The book is currently available online through Internet Archive. (When you borrow a book from Internet Archive, you have to set up an account, but it’s free.)

Owly

Owly by Mike Thaler, 1982.

Owly is a curious young owl.  He is always asking his mother questions, like how many stars there are in the sky or how high the sky is.

Owl’s mother tells him to go and see these things for himself, but there are too many stars in the sky to count, and he can’t fly high enough to reach the sky.

The story continues with Owly’s questions and attempts to find the answers, but all of his questions are unanswerable because they involve amounts too big to count or measure.

In the end, Owly and his mother talk about how much they love each other, and they compare it to the number of stars in the sky and the other things that couldn’t be counted or measured.

This is one of those children’s books where the story leads up to how much the parent loves the child (and vice versa). I’ve seen other books where the author sets up a cute way to talk about how much parents love their children, and sometimes, the set up is pretty obvious in this type of story. However, the message is still sweet, and this gentle story might make nice, calming bedtime reading. The pictures are as gentle and calm as the story itself.

The book is currently available on Internet Archive.

Max, the Bad-Talking Parrot

Max, the Bad-Talking Parrot by Patricia Brennan Demuth, illustrated by Bo Zaunders, 1986.

Don’t worry, Max’s “bad” talk isn’t really that bad.

Max is a parrot who belongs to a woman named Tillie.  They live in a house that has been made into two apartments.  The woman who lives in the apartment above them is Mrs. Goosebump.  Mrs. Goosebump is Tillie’s friend, and Max likes her, too.

Because Mrs. Goosebump works the night shift in a toll booth, she always comes to see Tillie and Max in the morning, when her shift is over.  Max always greets her with one of his rhymes.  Everything Max says is a rhyme.

However, one day, as Max is dozing on Mrs. Goosebump’s shoulder during one of her visits, he thinks that he hears her calling him an ugly bird.  Max gets upset and returns to his cage, not ever saying goodbye to Mrs. Goosebump when she leaves.  He feels badly about the insult, and when Mrs. Goosebump visits later, he only gives her insulting rhymes, like, “Cupcake, bagel, cinnamon roll, Your brain’s as full as a donut hole!”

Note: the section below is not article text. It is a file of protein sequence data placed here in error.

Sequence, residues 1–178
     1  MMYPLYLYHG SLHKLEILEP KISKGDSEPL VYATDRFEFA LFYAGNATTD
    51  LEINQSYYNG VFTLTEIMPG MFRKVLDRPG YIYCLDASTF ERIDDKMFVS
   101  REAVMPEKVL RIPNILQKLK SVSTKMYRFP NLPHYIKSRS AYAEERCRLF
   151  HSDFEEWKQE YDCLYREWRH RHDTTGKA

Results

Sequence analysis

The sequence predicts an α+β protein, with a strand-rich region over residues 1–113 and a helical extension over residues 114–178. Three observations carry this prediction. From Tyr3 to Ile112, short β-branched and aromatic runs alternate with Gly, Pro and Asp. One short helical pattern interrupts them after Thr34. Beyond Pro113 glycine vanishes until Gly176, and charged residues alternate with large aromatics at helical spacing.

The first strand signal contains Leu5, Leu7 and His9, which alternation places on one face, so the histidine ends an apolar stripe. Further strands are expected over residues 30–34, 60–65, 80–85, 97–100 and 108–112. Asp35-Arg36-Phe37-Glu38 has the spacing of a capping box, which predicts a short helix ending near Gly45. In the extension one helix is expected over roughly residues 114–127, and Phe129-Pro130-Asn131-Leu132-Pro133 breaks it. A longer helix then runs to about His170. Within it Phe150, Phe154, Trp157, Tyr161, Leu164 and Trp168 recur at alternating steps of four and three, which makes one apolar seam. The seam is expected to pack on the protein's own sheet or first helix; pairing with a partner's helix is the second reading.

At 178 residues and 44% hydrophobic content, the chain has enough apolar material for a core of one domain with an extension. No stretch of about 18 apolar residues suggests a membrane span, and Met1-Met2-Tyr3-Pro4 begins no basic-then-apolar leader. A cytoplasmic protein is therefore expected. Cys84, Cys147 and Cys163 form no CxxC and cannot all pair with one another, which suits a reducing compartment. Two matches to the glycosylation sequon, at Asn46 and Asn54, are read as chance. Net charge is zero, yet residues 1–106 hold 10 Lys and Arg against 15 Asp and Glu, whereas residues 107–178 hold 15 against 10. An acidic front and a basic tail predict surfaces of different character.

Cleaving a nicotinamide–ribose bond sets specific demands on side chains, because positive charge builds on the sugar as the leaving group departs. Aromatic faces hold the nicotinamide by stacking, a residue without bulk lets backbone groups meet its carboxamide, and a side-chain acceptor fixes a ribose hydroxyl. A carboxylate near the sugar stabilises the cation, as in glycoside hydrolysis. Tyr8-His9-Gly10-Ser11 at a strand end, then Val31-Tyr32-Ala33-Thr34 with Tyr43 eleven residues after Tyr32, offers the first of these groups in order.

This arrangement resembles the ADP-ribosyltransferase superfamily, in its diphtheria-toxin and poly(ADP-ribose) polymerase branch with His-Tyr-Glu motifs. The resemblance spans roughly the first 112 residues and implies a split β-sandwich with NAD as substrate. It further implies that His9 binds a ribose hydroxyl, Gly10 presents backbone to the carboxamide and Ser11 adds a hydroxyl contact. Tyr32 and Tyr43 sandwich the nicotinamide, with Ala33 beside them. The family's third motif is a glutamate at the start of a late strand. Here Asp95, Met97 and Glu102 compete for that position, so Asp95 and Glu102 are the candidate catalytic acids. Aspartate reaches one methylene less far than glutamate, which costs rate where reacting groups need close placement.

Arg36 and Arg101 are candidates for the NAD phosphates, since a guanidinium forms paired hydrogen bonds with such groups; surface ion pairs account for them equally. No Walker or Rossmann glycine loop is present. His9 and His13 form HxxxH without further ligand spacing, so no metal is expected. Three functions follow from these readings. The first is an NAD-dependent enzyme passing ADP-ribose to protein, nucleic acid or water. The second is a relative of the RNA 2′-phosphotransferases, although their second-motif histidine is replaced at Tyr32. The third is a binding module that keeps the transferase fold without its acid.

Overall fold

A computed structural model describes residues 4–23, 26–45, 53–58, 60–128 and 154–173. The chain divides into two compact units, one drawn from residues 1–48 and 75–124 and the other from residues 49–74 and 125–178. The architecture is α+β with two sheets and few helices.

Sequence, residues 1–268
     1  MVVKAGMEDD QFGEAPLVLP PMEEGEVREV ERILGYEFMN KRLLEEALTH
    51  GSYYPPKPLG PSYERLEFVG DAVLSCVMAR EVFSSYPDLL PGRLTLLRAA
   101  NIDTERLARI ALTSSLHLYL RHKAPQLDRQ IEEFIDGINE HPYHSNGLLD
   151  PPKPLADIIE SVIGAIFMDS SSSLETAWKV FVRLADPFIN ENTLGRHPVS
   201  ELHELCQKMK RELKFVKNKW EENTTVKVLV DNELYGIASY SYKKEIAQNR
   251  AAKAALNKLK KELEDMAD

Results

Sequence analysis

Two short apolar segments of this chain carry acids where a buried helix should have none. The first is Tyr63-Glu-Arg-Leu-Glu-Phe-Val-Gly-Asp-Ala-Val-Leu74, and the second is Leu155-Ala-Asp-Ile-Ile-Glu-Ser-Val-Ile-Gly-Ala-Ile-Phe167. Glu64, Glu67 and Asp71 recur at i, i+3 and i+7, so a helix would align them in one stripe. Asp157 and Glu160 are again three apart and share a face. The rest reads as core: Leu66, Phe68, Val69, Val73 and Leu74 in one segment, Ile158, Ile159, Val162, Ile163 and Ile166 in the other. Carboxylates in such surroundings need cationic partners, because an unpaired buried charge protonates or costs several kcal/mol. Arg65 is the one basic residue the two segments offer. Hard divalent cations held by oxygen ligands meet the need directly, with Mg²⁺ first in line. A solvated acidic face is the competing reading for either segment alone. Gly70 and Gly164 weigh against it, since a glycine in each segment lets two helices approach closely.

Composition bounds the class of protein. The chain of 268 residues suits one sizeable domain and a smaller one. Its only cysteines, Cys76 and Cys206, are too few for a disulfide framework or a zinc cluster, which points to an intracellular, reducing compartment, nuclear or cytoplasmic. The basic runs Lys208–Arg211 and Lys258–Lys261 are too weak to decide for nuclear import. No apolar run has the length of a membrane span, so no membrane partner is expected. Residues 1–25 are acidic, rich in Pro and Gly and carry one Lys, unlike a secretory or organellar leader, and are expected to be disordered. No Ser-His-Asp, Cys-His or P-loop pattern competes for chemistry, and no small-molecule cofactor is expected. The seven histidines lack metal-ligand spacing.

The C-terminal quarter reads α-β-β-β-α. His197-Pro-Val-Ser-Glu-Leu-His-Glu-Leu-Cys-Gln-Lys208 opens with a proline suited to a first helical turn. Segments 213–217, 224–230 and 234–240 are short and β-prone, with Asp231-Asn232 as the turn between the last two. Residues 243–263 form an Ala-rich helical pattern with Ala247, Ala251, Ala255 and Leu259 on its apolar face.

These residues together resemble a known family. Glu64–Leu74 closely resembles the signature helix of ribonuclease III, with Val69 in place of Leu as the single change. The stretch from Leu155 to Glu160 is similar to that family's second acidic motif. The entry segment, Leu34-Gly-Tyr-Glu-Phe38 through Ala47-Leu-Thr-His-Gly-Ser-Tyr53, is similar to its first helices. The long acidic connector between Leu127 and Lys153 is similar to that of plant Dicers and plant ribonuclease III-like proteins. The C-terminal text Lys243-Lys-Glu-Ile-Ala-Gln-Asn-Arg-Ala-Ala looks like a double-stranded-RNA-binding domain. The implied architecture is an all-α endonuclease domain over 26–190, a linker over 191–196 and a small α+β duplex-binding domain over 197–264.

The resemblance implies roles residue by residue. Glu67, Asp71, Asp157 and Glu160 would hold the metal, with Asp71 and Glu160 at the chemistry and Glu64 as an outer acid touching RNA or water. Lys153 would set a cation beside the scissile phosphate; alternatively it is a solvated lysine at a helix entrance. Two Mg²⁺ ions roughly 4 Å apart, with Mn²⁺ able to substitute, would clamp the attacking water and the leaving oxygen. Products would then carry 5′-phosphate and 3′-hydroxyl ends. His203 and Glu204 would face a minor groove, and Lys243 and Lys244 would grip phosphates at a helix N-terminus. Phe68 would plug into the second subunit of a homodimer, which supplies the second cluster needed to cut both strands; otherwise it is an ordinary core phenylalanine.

Mrs. Goosebump and Tillie have no idea why he’s so angry. The only thing that they can think to do is ignore him.

Later that night, a burglar breaks into Tillie’s apartment and starts stealing some of her things, including Max!  Max is scared, but by coincidence, the burglar stops to pay at Mrs. Goosebump’s tollbooth.  When Max recites some of his rhymes for her, she recognizes one of his usual rhymes and calls the police.

After Max is rescued, he finally tells Mrs. Goosebump why he was so angry, and Mrs. Goosebump explains that she actually said that he was “snugly”, not ugly.  With the misunderstanding cleared up, the two of them become friends again.  Max is also considered a hero for alerting Mrs. Goosebump about the robber.

When I was a kid, I thought that Max’s rhymes were funny, and the scene with the robber at the tollbooth is funny because Max tricks Mrs. Goosebump into believing that the burglar is insulting her before he says the rhyme that Mrs. Goosebump recognizes.  The book is also a good lesson about the importance of talking to people about what you’re feeling in order to clear up misunderstandings.

No One Noticed Ralph

No One Noticed Ralph by Bonnie Bishop, 1979.

Ralph is a parrot, living in an apartment with Mr. and Mrs. Muggs.  Ralph can whistle and talk, and he likes doing it because he enjoys the attention he gets from people when he does it.

He has certain times when he whistles, like when he wakes up Mr. and Mrs. Muggs in the morning, and certain words he says to get treats.  Sometimes, in the evenings, Mr. and Mrs. Muggs will light a fire in the fireplace and make popcorn, so Ralph will say, “Fire!” to remind them.

Ralph gets lonely when Mr. and Mrs. Muggs leave for work, and one day, he notices that they’ve left a window open.  He decides to fly outside and look for people to give him attention.

When he reaches the street, there are plenty of people, but they don’t pay attention to Ralph.  He tries whistling and using words he knows.  It has an effect on the people around him, but not what Ralph expects, and still no one notices him.

Then, Ralph sees an apartment on fire, and says, “Fire!”  It makes a man nearby notice the fire and call the fire department. The man who called the fire department realizes that Ralph is the one who yelled “Fire!” and calls him a hero.  Finally, Ralph gets attention!

Mr. and Mrs. Muggs return home to see everyone with Ralph and hear the story about how he became a hero.  Ralph is rewarded with a ride on the fire truck, his picture in the paper, and a lifetime supply of sesame seed crackers but it’s the attention he loves most.

I love this picture book and thought it was funny when I was a kid, when I had a pet bird myself.

Johnny and the Birds

Johnny and the Birds by Ian Munn, illustrated by Elizabeth Webbe, 1950.

This cute little picture book is a collection of short stories about a little boy named Johnny and his adventures with wild birds. The stories are very short and are meant to teach children about wild birds.

Johnny and the Catbird – Johnny thinks that he hears a kitten while looking for strawberries, but it’s actually the sound made by a catbird.

The Blue Jays – Father Blue Jay scares a hawk away from his nest.

The Robins – Johnny knows that the Robin eggs have hatched when he sees the bits of blue eggshell under the tree where they live.